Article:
A group of men appear to be targeting lone women drivers in Northamptonshire in order to make fraudulent insurance claims.
The incidents took place on the West Haddon roundabout on the A428 over the course of a weekend in late March.
This newspaper spoke with two victims, both of whom wish to remain anonymous.
The first woman described how a car with no brake lights stopped suddenly on the roundabout despite there being no traffic oncoming, causing her to run into the vehicle in front.
“I pulled over then three men got out. Instantly, you stop and think, ‘it’s a scam’. But with a daughter in the car, you just want to get away,” she said.
“They’re very calm, over-friendly at times. They got annoyed when I saw to my daughter, who was crying, rather than giving them my details.
“They obviously don’t want you to call the police so they try to be nice.”
The woman later saw on Facebook that two other women, also travelling alone, had had similar experiences.
The second woman with whom we spoke found herself behind the men’s car at the roundabout and described their technique for inducing the accident.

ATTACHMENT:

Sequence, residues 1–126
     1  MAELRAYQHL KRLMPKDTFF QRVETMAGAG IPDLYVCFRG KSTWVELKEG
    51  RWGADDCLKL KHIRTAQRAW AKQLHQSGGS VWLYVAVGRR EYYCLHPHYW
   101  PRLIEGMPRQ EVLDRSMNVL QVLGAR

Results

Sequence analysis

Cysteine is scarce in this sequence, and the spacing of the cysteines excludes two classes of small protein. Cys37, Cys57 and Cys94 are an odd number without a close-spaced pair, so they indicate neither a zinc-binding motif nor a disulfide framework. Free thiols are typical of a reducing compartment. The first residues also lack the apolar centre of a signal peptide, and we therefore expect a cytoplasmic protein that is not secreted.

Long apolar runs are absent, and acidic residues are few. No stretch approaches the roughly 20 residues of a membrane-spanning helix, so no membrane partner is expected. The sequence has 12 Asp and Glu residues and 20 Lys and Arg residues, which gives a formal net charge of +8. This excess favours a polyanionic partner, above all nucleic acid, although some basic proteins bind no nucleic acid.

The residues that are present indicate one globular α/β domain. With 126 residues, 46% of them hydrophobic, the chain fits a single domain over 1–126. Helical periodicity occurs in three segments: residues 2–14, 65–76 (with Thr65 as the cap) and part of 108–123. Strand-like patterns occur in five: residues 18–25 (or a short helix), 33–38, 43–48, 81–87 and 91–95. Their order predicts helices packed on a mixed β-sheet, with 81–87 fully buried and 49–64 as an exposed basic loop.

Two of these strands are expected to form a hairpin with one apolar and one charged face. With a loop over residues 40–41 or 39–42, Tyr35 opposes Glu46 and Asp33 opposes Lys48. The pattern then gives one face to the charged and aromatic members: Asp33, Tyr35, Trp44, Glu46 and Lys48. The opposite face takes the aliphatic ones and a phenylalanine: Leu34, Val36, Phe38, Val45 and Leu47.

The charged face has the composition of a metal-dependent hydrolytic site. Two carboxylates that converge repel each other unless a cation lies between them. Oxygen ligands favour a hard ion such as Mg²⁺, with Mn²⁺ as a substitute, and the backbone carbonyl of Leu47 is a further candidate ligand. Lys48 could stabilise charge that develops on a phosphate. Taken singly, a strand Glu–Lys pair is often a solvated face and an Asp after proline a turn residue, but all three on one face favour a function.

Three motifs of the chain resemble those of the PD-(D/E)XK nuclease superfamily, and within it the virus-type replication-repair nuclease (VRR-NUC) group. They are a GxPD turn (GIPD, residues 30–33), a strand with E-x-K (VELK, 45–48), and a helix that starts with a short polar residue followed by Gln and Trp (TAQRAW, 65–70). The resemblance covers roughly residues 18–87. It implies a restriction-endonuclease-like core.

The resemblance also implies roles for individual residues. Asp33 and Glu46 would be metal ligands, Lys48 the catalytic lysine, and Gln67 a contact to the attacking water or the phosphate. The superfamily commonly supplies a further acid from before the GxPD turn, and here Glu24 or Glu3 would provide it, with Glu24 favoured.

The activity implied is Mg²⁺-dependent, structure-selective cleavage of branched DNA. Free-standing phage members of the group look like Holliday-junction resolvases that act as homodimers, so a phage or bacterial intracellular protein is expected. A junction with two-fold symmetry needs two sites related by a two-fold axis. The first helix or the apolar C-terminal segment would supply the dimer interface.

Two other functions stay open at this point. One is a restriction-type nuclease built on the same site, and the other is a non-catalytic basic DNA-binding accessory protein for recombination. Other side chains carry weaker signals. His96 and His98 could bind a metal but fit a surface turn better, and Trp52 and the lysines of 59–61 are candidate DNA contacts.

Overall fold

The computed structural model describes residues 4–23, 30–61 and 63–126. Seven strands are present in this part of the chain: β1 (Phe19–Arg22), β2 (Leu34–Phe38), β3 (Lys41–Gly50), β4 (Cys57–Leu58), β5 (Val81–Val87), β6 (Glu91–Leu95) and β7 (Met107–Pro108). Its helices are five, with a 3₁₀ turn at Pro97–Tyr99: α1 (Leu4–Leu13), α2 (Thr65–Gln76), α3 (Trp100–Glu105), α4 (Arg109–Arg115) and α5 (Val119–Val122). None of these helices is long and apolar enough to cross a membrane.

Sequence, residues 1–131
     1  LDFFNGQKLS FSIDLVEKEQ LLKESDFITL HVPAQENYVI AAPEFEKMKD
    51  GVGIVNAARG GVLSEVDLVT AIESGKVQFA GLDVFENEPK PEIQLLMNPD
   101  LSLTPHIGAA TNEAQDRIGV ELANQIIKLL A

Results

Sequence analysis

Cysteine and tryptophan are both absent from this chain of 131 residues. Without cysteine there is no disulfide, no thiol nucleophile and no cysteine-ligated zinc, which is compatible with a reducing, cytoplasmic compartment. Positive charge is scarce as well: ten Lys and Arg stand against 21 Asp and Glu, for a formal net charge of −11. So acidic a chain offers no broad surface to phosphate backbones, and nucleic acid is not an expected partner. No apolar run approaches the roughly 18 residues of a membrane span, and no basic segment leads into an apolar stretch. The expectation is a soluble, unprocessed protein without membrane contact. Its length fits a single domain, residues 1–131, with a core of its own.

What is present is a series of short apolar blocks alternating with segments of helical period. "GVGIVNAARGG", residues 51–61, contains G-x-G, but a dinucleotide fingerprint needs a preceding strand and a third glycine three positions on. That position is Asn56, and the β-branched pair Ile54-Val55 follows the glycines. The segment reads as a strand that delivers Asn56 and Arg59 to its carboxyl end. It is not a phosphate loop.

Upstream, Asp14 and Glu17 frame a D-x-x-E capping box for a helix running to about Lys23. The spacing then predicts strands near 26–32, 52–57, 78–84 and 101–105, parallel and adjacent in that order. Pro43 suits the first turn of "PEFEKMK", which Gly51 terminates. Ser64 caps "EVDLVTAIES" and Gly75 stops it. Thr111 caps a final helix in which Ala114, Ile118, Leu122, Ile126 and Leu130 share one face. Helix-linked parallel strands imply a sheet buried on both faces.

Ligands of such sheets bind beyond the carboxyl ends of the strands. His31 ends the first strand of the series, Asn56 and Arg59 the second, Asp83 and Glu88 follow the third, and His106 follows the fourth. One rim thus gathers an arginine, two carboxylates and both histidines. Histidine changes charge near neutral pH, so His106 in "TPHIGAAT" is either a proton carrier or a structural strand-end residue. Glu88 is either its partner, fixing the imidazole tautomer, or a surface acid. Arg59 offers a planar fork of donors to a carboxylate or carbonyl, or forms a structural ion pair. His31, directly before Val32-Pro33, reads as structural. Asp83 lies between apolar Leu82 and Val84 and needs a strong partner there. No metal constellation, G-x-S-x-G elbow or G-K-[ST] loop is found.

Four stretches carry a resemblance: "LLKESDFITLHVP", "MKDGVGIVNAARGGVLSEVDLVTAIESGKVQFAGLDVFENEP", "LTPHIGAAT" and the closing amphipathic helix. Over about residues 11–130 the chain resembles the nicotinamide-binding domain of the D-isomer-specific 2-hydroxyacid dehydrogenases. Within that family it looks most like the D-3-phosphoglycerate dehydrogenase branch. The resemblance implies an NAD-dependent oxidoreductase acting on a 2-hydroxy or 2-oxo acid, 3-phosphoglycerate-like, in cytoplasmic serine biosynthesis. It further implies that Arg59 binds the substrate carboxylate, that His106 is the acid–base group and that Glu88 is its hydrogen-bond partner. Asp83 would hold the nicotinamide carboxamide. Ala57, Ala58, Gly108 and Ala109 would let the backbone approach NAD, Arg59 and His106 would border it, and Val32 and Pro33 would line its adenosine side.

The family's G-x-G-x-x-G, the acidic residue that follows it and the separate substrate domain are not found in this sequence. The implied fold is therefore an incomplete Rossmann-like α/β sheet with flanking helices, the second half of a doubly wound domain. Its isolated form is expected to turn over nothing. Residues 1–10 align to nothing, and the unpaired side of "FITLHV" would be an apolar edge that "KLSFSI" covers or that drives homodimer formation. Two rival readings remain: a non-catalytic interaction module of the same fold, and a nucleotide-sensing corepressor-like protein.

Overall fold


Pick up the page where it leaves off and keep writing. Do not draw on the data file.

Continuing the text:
“We came up to the second roundabout, everything was fine, they went. Then all of a sudden, as you go to make your final check to your right for oncoming traffic, they slam on their brakes so that you go into the back of them.
“Thankfully, I barely touched them so there wasn’t much damage, and someone behind me witnessed it and pulled over.
“The men were very insistent that the witness should leave, that she didn’t need to be there and that everything was fine.”
The woman who was targeted by the men was wary because she had read about similar incidents happening at the roundabout.
She noticed that the driver did not take any photos or assess the damage, and she described him as “strangely calm.”
“He had a piece of paper and a pen ready to go and all he was interested in was taking my details,” she said.
“Before the woman stopped both of the men got out the car as if to intimidate me, as soon as the witness got out of her car, the passenger jumped straight back in and just didn’t say a word.”